But what worries me about this model is that, taken to its ultimate extension, it would mean that travel coverage would depend directly on budget. Destinations and companies that have little or no budgets for promotion would fall off the metaphorical map.
A big part of what I loved about being travel editor at the Examiner & Chronicle was that I got to shape and share a little world each week. Every Sunday I’d have one story about Asia, one about Europe, one about North America. I’d cover South America every other week, and the Middle East and Africa at least once a month. I’d combine articles every Sunday to create a picture-puzzle mix of travel styles and budgets, tips and tales.
This world was a reflection of me, of course, and of my thinking about my readership—but my desire to engage, inform, and inspire that readership was what fueled my editorial decisions each day. That same desire also fueled my own decisions about where to travel on the newspaper’s dime, and what subjects to write about. Where the funding was coming from to publish the section was almost never a factor in my decisions.
So, a related question this new world of travel content raises for me is this: Where is the consumer in this new equation? The consumer, the reader, was truly paramount for me. In the new world of travel content creation, there is a danger that the reader is being reduced to an afterthought, useful chiefly as a statistic—an accumulation of fans, likes, unique visitors—that can be used to convince a travel company to employ one’s services.
These twin reductions—in the range of destinations covered and in the attention given to readers’ interests and needs—diminish both the world of travel storytelling and the actual world which is the subject of that content.
These are the thoughts my own wanderings in the past few months have inspired, and they’ve raised further questions: Going forward, who decides editorial focus? Who vets editorial content? If the funding for independent third-party travel outlets such as newspapers, magazines, and websites dries up, who will dictate the content? If there’s no budget to pay independent travel writers, how can they maintain their independence? Who will pay for the mind-expanding narratives that explore the wide world outside and the soul-stretching essays that explore the wide world inside? Whither travel publishing?
I’ve also become convinced that more than ever, individual travel writers are becoming the gatekeepers—the stewards—of the planet that readers see, regardless of medium. In this regard, the following guidelines seem urgently critical to me:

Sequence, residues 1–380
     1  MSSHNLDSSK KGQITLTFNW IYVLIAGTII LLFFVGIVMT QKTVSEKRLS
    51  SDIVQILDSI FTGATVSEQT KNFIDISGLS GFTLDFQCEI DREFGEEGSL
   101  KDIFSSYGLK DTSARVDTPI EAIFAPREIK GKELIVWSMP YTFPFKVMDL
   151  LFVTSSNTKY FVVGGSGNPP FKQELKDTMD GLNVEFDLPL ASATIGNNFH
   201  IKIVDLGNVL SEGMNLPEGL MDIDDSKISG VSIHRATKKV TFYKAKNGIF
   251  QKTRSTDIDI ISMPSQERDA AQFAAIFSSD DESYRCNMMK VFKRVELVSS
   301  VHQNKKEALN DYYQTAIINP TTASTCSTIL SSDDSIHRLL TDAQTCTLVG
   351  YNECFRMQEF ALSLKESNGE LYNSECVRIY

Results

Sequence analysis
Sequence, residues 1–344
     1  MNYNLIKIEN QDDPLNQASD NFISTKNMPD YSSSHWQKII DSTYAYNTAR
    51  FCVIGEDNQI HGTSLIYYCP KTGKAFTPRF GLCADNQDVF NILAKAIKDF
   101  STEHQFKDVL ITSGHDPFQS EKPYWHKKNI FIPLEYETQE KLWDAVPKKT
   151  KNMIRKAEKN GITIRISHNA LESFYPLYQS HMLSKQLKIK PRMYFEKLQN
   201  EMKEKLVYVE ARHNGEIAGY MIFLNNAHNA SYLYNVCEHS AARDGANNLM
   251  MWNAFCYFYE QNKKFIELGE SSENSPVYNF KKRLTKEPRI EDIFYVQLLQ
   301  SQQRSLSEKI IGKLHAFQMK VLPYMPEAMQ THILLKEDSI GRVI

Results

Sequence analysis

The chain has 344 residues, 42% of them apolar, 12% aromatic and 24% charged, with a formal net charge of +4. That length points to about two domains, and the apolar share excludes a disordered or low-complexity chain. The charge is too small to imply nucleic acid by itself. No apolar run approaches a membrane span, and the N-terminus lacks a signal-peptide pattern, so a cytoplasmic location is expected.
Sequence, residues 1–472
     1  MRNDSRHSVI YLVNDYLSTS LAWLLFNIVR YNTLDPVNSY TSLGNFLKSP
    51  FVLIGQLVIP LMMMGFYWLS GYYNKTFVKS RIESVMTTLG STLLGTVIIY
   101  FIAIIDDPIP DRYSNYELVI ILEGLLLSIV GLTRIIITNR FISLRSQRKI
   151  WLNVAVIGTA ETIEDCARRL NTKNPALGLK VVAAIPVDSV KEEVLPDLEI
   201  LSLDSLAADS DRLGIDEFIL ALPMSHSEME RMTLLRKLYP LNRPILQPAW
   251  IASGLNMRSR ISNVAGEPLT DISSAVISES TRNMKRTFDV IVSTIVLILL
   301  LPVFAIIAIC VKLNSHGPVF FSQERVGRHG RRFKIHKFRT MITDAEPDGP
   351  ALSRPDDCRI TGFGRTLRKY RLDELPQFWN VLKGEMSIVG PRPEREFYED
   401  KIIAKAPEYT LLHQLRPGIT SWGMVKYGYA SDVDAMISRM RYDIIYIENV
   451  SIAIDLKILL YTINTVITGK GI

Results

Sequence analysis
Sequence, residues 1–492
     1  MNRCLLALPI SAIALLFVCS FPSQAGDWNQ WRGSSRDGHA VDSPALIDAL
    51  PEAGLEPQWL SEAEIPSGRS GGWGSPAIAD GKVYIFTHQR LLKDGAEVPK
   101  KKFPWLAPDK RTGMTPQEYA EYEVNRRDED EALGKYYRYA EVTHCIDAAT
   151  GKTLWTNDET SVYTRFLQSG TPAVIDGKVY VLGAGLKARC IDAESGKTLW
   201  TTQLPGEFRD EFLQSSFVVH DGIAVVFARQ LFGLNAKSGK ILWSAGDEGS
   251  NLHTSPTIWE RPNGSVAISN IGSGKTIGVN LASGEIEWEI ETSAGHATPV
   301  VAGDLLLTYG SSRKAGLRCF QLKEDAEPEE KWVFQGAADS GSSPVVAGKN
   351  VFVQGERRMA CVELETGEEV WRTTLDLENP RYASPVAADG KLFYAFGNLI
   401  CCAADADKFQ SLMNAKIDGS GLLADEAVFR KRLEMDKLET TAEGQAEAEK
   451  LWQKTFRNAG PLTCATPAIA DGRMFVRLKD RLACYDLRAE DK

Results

1. Transparency is key. It’s important to be clear about—and to state clearly—who funded your travel and your content. Readers won’t necessarily think less of you or trust your descriptions and assertions less if you reveal that you were the guest of a destination. But they may well think less of you—and question your content more keenly—if you don’t share this information up front and they discover it some other way instead.
2. Integrity is essential. No matter who is paying for you, you have to maintain your own quality guidelines and principles. Integrity is the bedrock of readers’ trust in you. Don’t promote something you don’t believe in. Don’t tell us something is wonderful if you don’t really think it is.
3. Quality in creation is still paramount. Do the best you can to make your writing accurate, detailed, and lively. All the tips I wrote earlier this year about creating quality—attention to passion points, sensual details, music, meaning—are critically important in this emerging new world.
4. Honor yourself, honor your subject, honor your reader. Know your subject and your audience thoroughly, tailor your content to serve that audience, and create the most passionate, evocative, engaging, and connected work that you can.
5. Cultivate your sense of respect, gratitude, and wonder. Those of us who get to travel the world on someone else’s dime, whether on assignment or on a press trip, are incalculably lucky. It’s essential that we bear this in mind and keep our experiences in perspective—and that we continue to connect with the core of wonder that inspired us to travel this path in the first place. Honoring our shared craft in this way will enhance and enrich us all.
Don George is an editor at large at Traveler and the author of Lonely Planet’s Guide to Travel Writing. He has also edited several award-winning travel-writing anthologies, including Better Than Fiction. Follow Don on Twitter @don_george.